Books About Kindness Are Much Needed

By Lee Littlewood

October 14, 2016 6 min read

Child psychologists and educators suggest that kids read books when they have issues with potty training, healthy eating, new siblings and other adjustments. These books should also be suggested, for they promote kindness — the antidote to bullying and mean behavior. Books rule!

"Be the Change" by Arun Gandhi and Bethany Hegedus; illustrated by Evan Turk; Simon & Schuster; 40 pages; $18.99.

Being kind to the environment is most important. In this gorgeous, thoughtful picture book, subtitled "A Grandfather Gandhi Story," Arun Gandhi enjoys his life in the service village, living simply and nonviolently, doing good for others. He struggles, however, with one rule: Don't waste. Through the wise help of his grandfather, Gandhi, Arun learns that every wasteful act affects others. Waste causes violence indirectly. When people are needy, violence erupts over the very need for things. Therefore, throwing away even just a pencil will directly affect others and the environment. Grandfather Gandhi explains this using a tree and nature.

With glowing, sunset-filled illustrations and a reminder that some people strive to do good, help others and be conscientious, "Be the Change" will remind readers of Gandhi's famous poem — "I pledge to not overuse resources — to focus on my needs over my wants. I pledge to learn to work with others, as one, for the good of all. I pledge to be the change I wish to see in the world."

A note from the authors explaining Arun's relationship with his grandfather, plus a closer look at passive violence and a pledge, make "Be the Change" a truly inspiring reminder to kids of all ages.

"Lotus & Feather" by Ji-li Jiang; illustrated by Julie Downing; Disney/Hyperion; 32 pages; $17.99.

A grand, sweeping, moving story befitting Disney, this gentle tale introduces Lotus, a Chinese girl who can't speak but can make noise with a reed whistle. Lotus is sad because she has no friends due to her lack of voice. One day, she rescues a wounded crane, which was shot by a hunter near their lake, and she and Grandpa nurse him back to health. From then on, Feather and Lotus are best friends, and the kids at school learn to love them both. One day, though, Feather wants to fly away. Eventually, he returns with a mate and young bird and a huge community of cranes, who put on a flying show for Lotus and Grandpa.

With lovely, flowing watercolors and a heartwarming story about the positive effects of love and care, "Lotus & Feather" is a beautiful tale. There's also a gentle message about taking care of the environment, kindness to animals and being a friend to kids regardless of their differences.

"Cara's Kindness" by Kristi Yamaguchi; illustrated by John Lee; Jabberwocky Kids/Source Books; 32 pages; $16.99.

The first book from ice-skating legend Kristi Yamaguchi is the story of a cute skating kitty with a message of kindness and paying it forward. Huge-eyed Cara the Cat, who really needs a song to skate by, befriends apprehensive dog Darby and helps him skate. Cara's only request is that Darby passes the kindness on. So he shares his lunch with the hungry Pax the Polar Bear. Cara also helps Marky the Monkey and Samantha the Skunk. Eventually, all that kindness prompts talented Milo the Mole to perform a concert at school, and Cara finally finds her music.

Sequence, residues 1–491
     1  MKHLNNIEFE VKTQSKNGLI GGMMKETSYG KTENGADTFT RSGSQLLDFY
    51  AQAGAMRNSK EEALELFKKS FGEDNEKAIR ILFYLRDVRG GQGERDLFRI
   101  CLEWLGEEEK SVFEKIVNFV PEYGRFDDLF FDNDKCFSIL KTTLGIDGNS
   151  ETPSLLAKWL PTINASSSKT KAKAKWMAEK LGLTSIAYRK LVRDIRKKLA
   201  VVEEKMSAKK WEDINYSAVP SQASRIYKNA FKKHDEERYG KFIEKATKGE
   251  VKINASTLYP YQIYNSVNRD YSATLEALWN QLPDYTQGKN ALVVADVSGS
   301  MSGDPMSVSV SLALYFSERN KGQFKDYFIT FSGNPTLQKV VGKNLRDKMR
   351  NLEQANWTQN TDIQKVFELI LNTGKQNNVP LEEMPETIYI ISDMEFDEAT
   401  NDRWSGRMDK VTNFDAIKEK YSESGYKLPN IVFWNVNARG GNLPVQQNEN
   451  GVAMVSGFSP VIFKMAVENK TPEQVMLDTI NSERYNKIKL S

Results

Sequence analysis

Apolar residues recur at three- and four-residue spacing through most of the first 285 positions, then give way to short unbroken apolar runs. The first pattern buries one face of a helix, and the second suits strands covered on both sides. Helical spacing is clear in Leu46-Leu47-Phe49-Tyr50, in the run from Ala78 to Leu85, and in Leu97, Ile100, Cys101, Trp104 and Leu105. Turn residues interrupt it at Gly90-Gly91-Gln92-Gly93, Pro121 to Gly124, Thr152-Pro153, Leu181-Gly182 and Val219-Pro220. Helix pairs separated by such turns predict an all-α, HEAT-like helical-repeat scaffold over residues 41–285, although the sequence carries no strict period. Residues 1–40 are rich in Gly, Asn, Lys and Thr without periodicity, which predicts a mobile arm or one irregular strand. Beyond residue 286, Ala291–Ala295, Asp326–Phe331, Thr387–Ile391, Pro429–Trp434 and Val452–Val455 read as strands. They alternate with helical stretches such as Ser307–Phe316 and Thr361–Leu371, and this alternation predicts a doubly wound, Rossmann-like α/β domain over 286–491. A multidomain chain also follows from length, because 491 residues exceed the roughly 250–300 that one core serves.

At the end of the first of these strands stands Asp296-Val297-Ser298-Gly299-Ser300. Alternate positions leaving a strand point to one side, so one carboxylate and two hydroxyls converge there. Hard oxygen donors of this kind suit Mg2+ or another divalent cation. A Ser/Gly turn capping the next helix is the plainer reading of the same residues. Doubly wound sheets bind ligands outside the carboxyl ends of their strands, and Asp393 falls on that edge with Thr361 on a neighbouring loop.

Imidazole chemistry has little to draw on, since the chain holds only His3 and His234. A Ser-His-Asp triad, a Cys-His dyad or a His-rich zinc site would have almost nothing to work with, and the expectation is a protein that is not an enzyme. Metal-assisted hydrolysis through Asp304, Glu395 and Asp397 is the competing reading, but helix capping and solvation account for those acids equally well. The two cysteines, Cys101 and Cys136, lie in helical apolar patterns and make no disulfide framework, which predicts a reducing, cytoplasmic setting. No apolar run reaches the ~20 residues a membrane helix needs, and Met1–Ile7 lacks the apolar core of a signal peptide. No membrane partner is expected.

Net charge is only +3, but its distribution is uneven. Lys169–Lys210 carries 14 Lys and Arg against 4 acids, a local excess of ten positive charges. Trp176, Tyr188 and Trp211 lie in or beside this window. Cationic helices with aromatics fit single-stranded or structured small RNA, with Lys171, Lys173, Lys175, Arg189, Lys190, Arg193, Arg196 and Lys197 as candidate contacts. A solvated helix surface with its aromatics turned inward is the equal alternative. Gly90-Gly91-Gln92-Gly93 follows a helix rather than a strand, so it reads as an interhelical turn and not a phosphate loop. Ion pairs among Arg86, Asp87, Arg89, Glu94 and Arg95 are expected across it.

With a simple premise and sweet, rounded characters, Yamaguchi's book should inspire preschoolers to help their friends. Kindness is contagious, after all.

"The Friend Ship" by Kat Yeh; illustrated by Chuck Groenink; Disney/Hyperion; 32 pages; $16.99.

Lonely Hedgehog hears that "Friendship is out there. All you have to do is look," so she sets out on a small boat with a curious squirrel to find the "friend ship." They ask a herd of deer on an island whether they've seen The Friend Ship, and though they haven't, they jump on board, as does a little fishing rat. They sail north, south and east, into a sunset, as more curious animals get on board. The animals get discouraged, until they ask a big elephant on a small island the same question, and he replies, "Well...isn't that it — right over there?" and points to Hedgehog's boat. The happy boat full of friends then sails off into the sunset, leaving readers with an important lesson that sometimes just the effort is worth the result, and that what you're searching for could be right in front of you.

Muted, retro illustrations and a happy, satisfying story make "The Friend Ship" a real winner.

"We Found a Hat" by Jon Klassen; Candlewick Press; 48 pages; $17.99.

Caldecott Medal winner Jon Klassen's books are gems — with vintage looks and classic but cool stories. "We Found a Hat" introduces two turtles that find a hat in the desert. They both try it on, and it looks good on both of them. They realize they can't both have the hat, so they leave it behind. They then watch the sunset together, and there's a hint that they may be still thinking of that hat. The third act of the book shows the turtles at nighttime. One asks the other, "Are you all the way asleep?" and the other answers: "I am all the way asleep. I am dreaming a dream." The sleeping turtle adorably tells his friend that he's dreaming of the hat, that it looks good on him and that his friend also has a hat that looks good. Both then rest satisfied on a big rock by a cactus.

A simple but very satisfying story about sharing and the power of friendship, "We Found a Hat" is a low-key masterpiece.

To find out more about Lee Littlewood, and read features by other Creators Syndicate writers and cartoonists, visit the Creators Syndicate webpage at

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